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What would happen if the African nation copied US tax policy?

By 22 September 2015News

Barack Obama with his grandmother during a visit to the homeland

Barack Obama with his grandmother during a visit to the homeland

by Don Whiteley

About seven million American expatriates — are going through tax hell because of a sudden Congressional interest in catching tax cheats, and America’s unique citizenship-based income tax policy. Read about this US tax policy.

American Citizens Abroad (ACA) has called on the United States to end this citizenship-based income tax policy and tax based on residence like the rest of the world. It points out that Americans living and working in other countries pay taxes in those countries, usually at significantly higher levels than U.S. “homelanders.” The ACA is getting the Congressional brushoff – polite conversation, “I feel your pain, but nothing doing.”

But what if other countries fight fire with fire and emulate America’s citizenship-based tax policy, demanding tax compliance from America’s approximately 50 million immigrants?

If Kenya did that

For the sake of argument, let’s see what might happen if Kenya did that:

The Oval Office phone rings, and is picked up by the 44th president of the United States. White House Chief Counsel Kathryn Ruemmler says, “Mr. President, we have a problem with Kenya. Or more specifically, you have a problem with Kenya.”

       Barack Obama, Sr., Citizen of Kenya Go on,” President Obama replies.

“Well sir, because your father was born in Kenya, for a brief period back in the 1960s you were actually a Kenyan citizen as well as an American. An accidental Kenyan.”

“Yes,” says the president, “But that was very short-lived. As Kenya achieved independence from Great Britain, it voided those citizenship rights.”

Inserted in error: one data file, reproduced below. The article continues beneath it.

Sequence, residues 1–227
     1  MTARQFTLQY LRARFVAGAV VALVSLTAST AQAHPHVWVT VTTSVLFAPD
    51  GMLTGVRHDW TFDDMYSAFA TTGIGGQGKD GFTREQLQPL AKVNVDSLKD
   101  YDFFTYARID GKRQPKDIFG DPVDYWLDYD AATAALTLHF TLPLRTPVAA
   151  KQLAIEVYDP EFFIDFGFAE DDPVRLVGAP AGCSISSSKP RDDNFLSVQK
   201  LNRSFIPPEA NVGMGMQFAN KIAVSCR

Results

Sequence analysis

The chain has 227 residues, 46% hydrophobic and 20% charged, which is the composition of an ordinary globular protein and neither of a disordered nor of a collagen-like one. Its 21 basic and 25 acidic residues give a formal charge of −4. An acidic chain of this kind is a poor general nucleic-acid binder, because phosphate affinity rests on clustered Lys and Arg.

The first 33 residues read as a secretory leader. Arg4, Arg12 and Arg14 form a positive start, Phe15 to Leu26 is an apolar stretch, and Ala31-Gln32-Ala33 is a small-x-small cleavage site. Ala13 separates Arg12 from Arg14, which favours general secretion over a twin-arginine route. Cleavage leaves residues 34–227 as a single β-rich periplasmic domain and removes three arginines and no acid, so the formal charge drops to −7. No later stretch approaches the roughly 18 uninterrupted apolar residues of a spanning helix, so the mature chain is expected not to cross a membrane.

“Correct,” says Ruemmler. “But a month ago the Kenyan Supreme Court overturned that, and all those revoked citizenships have been retroactively re-instated. Our Supreme Court took similar action years ago in a case brought forward by a Canadian, ruling that the State Department can’t take away an American’s citizenship without due process.”

“OK,” says the president. “But so what?”

File tax returns

“Well sir, the Kenyan IRS (KIRS) wants you to file tax returns for the last six years, and provide the Kenyan state department with a list of all your bank account balances. It’s all under Kenyan legislation, including something called the Foreign Unknown Bank Account Report, or FUBAR. After that, you must continue filing annual tax returns and FUBARS for as long as you remain a Kenyan citizen.

“But it gets worse. Because you are a late filer, you are subject to fines for those FUBARS up to 50% of the total value of all the accounts, per year, for as long as you are out of compliance.”

“But, but,” splutters the president. “How can they justify going after my savings accounts. I mean those are joint accounts with Michelle. They can’t go after her half, can they?”

“If your name is on the account, KIRS says its all yours. Now, we’re looking into having your name taken off those accounts and just leaving them in Michelle’s name – that might work. You two gettin’ along OK? But there’s more; it’s “all” accounts over which you have signing authority. As far as we can tell, you’ve got signing authority over the entire US of A. They can calculate penalties on annual revenues.

“Enough,” says Obama. “I want an immediate appointment at the Kenyan Embassy to formally renounce my Kenyan citizenship to stop this BS.”

Exit Tax

“A renouncement done for tax purposes won’t be recognized until you’ve paid an exit tax,” Ruemmler explains. “Again, sir, they have mirrored the rules we passed in 2008 in the HEART Act. Their exit tax is 30% of your total assets – money, property, investments. We’re a little nervous about where they might go with that one.

“You have to pay your fair share of Kenya’s taxes before you can renounce. Now there is a bit of a break here. Kenya’s Foreign Earned Income Exclusion deducts the first $95,000 annually. Unfortunately, you make $400,000 and you’ll have to pay both US and Kenyan income tax on $305,000. Oh, and you’ll have to pay Kenyan tax on all your investment income. And you have to pay it all in Kenyan shillings – they won’t accept US dollars.